There is also the OPP wondering what is going on. The cop that was at the destruction site was confused – he didn’t know who to believe. We had a talk with Sergeant Ben that fateful day. He had been told that it was an old vacant nest. He was trying to reassure us that the eagles didn’t use it anymore. And yet we could tell that after awhile he wasn’t so convinced anymore. I mean really, why would they need 18 guys to take down an old nest that wasn’t used anymore? And why would people be THIS pissed off?
This could also be why people were pretty upset. Consultation? None. Nada. Zilch.
And damn these people – now they are sending e-mails to the MOE! They have to send good old Doris Dumais the talking points to respond with too.
Most concerned residents received this letter ghostwritten for the Minister.
NextEra even got in on the letter writing. This was in the Hamilton Specator. But remember how there were three options NextEra could have taken? NextEra says there were only two. Removing the wind turbines around the nest was never a true option for them.
The MNRF guys write up a letter as Mr. Minister to send to all you good people who are concerned about the environment. I take particular issue with Jim saying the eagles built their nest 20 m from a turbine. No, the turbines weren’t even constructed yet! Truth: the wind company was building their turbines too close to the eagle nest.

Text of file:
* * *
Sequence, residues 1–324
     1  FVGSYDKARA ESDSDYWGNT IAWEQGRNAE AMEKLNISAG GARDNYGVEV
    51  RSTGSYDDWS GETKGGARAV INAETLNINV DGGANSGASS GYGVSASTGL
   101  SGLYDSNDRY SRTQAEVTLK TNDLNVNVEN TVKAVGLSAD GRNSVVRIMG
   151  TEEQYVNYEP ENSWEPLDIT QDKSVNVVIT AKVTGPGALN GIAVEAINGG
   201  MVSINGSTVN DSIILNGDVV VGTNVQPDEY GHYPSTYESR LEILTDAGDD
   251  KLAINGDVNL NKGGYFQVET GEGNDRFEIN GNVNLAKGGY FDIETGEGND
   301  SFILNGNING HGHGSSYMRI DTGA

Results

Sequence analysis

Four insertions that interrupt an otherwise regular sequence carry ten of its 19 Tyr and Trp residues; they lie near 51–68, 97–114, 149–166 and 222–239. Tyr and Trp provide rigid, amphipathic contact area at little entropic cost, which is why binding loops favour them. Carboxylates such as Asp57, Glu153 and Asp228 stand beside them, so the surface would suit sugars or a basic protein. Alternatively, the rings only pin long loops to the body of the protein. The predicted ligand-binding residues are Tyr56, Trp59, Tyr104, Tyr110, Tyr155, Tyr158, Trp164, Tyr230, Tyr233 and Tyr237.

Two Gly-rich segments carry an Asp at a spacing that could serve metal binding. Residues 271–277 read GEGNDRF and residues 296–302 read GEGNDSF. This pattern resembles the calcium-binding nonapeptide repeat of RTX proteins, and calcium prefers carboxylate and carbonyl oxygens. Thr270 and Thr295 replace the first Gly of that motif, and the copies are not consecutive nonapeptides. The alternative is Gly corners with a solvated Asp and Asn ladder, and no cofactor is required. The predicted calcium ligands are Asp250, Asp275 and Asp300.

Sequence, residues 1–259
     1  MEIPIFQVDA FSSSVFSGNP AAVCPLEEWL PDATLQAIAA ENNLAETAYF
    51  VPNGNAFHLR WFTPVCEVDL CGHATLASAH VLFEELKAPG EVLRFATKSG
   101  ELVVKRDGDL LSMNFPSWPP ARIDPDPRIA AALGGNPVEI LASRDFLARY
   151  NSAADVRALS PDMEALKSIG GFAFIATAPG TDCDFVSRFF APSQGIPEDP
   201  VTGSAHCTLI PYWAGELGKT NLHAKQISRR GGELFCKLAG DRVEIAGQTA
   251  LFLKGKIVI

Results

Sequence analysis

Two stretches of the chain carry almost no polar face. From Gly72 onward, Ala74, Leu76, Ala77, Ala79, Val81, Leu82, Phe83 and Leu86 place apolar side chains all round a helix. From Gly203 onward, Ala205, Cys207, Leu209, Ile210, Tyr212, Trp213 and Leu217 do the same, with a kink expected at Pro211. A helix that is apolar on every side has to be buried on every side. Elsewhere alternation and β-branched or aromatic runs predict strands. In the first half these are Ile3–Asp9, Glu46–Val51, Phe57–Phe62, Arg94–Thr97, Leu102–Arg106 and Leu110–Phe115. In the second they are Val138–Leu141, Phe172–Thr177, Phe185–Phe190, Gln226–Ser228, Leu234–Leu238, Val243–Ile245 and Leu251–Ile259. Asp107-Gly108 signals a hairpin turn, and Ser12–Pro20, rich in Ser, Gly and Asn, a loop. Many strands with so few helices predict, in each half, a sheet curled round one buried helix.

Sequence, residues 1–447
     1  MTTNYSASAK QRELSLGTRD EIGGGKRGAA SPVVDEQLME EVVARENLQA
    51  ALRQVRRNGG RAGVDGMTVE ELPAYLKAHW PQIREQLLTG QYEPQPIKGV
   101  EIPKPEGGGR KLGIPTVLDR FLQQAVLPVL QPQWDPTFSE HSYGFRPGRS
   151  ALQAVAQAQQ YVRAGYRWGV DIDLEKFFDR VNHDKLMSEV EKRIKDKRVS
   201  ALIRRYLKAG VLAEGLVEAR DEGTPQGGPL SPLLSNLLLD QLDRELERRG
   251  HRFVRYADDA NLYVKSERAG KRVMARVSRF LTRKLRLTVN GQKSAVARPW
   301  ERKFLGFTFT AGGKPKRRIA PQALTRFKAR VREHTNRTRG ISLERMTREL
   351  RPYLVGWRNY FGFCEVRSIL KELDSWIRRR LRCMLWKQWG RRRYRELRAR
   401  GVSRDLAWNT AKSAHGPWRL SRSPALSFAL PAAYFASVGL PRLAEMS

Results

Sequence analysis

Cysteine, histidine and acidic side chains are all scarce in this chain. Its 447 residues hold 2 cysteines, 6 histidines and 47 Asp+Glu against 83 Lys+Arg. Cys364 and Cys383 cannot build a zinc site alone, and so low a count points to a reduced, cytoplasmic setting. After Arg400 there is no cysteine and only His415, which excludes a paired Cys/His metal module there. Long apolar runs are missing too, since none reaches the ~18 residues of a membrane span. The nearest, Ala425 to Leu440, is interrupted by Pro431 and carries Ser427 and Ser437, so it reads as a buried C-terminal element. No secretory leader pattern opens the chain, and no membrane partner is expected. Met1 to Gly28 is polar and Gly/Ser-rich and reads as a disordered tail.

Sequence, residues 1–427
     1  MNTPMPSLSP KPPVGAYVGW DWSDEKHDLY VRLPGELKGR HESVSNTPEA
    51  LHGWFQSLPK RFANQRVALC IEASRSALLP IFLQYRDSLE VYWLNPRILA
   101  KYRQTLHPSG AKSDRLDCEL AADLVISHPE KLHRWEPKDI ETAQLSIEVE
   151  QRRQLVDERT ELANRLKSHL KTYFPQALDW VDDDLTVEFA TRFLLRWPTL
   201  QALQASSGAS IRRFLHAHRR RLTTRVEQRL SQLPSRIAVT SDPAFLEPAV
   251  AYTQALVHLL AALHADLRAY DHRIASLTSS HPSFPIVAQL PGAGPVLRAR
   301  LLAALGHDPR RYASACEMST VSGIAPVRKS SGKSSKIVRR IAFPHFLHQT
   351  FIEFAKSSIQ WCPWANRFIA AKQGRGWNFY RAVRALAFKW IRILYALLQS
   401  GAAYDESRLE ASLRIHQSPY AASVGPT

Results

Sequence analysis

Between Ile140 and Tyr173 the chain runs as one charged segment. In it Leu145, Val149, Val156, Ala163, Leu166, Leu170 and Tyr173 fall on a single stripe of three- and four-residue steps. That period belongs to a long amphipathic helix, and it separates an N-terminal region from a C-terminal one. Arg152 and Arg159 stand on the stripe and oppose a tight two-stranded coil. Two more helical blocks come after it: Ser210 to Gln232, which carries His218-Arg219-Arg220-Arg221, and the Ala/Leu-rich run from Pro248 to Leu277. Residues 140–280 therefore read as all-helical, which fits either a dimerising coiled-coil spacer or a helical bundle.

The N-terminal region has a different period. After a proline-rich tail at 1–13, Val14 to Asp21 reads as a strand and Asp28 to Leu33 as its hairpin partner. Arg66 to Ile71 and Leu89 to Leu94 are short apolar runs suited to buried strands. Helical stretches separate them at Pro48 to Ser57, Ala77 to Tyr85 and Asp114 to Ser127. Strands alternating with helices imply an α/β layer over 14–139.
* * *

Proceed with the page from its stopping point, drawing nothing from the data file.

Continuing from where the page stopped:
They need yet another House Note. “The province strives to achieve a balance between developing renewable energy while protecting wildlife.” Not once did that happen in this case. Not once did they even look at the cumulative impacts these machines are having on raptors. Not once did they even weigh the pros and cons. Unless they can show some evidence that wasn’t released in this FOI, this is the government blatantly lying to the House, and the public.
It’s almost the end of the month and NextEra finally starts talking about platforms for nests. I love how the MNRF asks them, “Are you planning on monitoring?”. Hm, I don’t know, you obviously aren’t requiring them to, you are only politely asking them if they are! This is how they “work out the details afterwards,” I guess. It’s clear who’s in charge.
And this is their ‘plan’.
In March they need another “House Note”. You can almost hear their exasperation: Won’t this nest issue DIE?